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UK Ambassador Grant: UNSC could have role if Cairo cease-fire talks fail
By TOVAH LAZAROFF
08/19/2014
Briefing reporters after a security council discussion on Gaza conflict, Grant said there could be no return to status quo ante.
 



The Security Council could have a diplomatic role to play in halting the Gaza violence should the Cairo cease-fire talks fail, Britain's Ambassador to the United Nations Mark Lyall Grant told reporters in New York on Monday.

“If the talks fail then there may also be a role for the security council at that point,” Grant said.

Great Britain is one of five permanent members of the council, which is comprised of 15 countries. This month it also holds the council presidency. Next month, the United States will fill that post.

Grant briefed reporters after a UNSC discussion Monday about the Gaza violence and the Israeli-Palestinian conflict.

“There was wide spread agreement among member states that there is no military solution,” he said.

What is needed is a sustainable ceasefire that allows for humanitarian reconstruction to take place in the 360 square kilometer area that is home to 1.8 million people.

Other factors for a sustainable cease-fire include: guarantees for Israeli security, the return of the Palestinian Authority to the Strip, greater economic life for Gaza along with verification and monitoring mechanisms for such activity, Grant said.

In addition, a cease-fire should be a bridge to some form of renewed negotiations on a final status agreement for a two-state solution, Grant said. 

There was wide spread agreement among member states that there can be “no return to status quo ante” in Gaza, Grant said.

Should a cease-fire be reached, Grant said, he was of the opinion that “there should be a quick resolution of the Security Council consolidating and endorsing the agreement and building on it.”

The UN’s special envoy to the peace process Robert Serry similarly told the Security Council that a ceasefire must address the issues of Gaza governance, economy, reconstruction and Israeli security.

“I hope the Palestinian Authority will now be empowered to resume effective control of Gaza,” Serry told reporters after the meeting, adding that it should also lead reconstruction efforts.

The blockade must be lifted, he told the council. Most specifically, construction materials must be let into Gaza, so that destroyed homes could be rebuilt.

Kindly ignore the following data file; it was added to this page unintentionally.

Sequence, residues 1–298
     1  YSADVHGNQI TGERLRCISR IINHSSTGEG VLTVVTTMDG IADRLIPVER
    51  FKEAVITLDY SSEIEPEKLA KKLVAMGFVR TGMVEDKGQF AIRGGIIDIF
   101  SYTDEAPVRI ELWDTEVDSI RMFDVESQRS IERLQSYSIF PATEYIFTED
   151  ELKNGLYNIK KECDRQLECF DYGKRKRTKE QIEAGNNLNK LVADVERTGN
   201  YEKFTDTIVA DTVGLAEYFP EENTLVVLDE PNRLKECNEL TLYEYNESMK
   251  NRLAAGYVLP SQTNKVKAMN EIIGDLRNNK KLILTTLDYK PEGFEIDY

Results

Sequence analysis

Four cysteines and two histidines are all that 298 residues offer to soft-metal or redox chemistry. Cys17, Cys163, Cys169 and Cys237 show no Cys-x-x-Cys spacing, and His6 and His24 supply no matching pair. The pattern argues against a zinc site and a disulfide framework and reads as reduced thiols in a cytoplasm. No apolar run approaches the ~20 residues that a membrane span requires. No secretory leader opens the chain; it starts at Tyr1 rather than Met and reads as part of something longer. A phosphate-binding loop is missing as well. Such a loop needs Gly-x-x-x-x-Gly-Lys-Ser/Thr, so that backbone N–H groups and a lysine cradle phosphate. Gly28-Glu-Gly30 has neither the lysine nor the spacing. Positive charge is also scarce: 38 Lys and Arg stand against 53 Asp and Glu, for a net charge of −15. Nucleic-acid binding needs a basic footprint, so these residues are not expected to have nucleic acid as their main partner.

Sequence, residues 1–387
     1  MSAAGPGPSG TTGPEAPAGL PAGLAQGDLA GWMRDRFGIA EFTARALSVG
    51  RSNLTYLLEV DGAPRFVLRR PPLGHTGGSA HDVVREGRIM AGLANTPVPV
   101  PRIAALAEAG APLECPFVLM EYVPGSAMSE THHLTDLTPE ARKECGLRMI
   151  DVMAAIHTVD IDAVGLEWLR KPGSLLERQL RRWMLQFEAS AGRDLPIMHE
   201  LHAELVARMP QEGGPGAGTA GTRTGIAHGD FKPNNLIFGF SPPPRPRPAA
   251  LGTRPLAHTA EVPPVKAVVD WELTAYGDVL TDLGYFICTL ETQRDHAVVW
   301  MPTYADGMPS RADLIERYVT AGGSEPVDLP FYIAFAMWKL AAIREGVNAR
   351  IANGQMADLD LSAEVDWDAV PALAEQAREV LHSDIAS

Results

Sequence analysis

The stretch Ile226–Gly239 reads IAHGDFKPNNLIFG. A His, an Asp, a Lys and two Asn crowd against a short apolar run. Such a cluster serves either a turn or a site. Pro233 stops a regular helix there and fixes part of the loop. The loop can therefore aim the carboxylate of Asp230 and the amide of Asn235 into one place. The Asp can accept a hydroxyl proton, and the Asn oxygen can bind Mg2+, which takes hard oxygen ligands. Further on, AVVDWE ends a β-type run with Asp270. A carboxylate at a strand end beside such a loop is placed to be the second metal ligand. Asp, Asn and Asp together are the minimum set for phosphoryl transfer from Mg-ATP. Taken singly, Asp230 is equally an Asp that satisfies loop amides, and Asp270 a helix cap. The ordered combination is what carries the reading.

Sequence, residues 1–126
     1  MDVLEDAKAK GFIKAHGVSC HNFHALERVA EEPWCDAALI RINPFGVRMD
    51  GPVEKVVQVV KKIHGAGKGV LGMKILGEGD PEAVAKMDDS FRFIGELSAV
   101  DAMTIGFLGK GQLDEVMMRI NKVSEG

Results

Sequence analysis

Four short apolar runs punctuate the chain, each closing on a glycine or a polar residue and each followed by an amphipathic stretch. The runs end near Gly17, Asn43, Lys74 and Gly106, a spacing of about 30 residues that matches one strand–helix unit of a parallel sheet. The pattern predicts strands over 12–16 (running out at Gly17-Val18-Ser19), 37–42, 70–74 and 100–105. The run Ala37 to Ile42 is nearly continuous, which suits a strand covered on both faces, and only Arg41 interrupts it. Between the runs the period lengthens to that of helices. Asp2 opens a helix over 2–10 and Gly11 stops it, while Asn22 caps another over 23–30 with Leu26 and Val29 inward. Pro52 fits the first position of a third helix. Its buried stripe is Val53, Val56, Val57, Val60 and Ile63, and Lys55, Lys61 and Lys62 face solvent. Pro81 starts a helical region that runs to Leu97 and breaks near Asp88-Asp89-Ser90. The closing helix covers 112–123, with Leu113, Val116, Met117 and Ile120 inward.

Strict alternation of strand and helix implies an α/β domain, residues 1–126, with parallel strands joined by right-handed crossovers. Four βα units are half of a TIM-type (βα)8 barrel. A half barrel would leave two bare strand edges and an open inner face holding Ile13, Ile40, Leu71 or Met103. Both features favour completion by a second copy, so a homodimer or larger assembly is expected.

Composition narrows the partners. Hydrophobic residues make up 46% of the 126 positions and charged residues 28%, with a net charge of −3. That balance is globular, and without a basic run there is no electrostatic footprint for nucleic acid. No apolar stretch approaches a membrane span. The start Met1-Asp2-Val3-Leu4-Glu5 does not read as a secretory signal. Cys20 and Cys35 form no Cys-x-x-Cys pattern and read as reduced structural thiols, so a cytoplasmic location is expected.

The UN estimates that 16,800 homes used by 100,000 Palestinians were destroyed or damaged by this summer’s conflict, Serry said.

“This is an unprecedented crisis when it comes to Gaza. It is much larger than what happened in 2008 and 2009 [Operation Cast Lead]. Which also means that with every day passing there is so much needed in recovery and humanitarian efforts,” he said.

Israel must let cement into Gaza, Serry said, noting of course that material should be monitored. In past years Israel was hesitant to allow concrete into Gaza fearing Hamas could divert for other uses, such infiltration tunnels.

Serry said the UN can monitor the supplies and has done so in the past.

“UN construction materials were not used for the tunnels,” he said.

“Right now, Gaza urgently needs houses, hospitals and schools – not rockets, tunnels, and conflict. We expect Hamas, and all other factions, to act responsibly in this regard and refrain from any actions that run counter to this agenda,” Serry said.

He also summarized for the council, the harm inflicted on Gaza by the conflict.

UNRWA schools were hit three times during the conflict, even though both Israel and Hamas knew that people had sought shelter there.

“A total of 38 people were killed in those three incidents, and 317 were injured. 11 UNRWA colleagues were killed in the line of duty.” In addition, he said, some 108 UNRWA installations were damaged.” He also noted that weapons caches were found in three UNRWA schools.

A branch of his office in Gaza was hit by a number of projectiles, Serry said.

The death toll from this summer’s conflict, “is appalling” he said, explaining that more than two-thirds of the 2,000 Palestinians killed were civilians.

This includes 459 children and 239 women, he said. One third of the 10,000 Palestinians who were injured were children, Serry added.

These statistics, he said, came from the UN's Office for the Coordination of Humanitarian Affairs, who based their numbers on data the Palestinian Health Authorities.

“We have come to the conclusion that two-thirds of the casualties were civilian,” Serry said.

A reporter quizzed him about the veracity of percentage of civilians to Hamas combatants deaths in Gaza. The IDF estimates that half the deaths in Gaza were Hamas combatants.

Serry said,“what is the difference between two-thirds, or 70 percent or 50%, it is too much.”

He described the situation in Gaza, as “the biggest crisis I have been experiencing in my job.”

That is “why I am so keen to see white smoke,” he said.

Looking at the larger picture, he said, “the Gaza crisis, should be a bleak warning to all concerned what the future will bring if we do not reverse the current negative trend towards a one-state reality, which is now on the parties’ doorstep.”

“We must urgently call on and support both parties to return to meaningful negotiations towards a final status agreement in which Israel and Palestine live side by side in peace and security,” Serry said.
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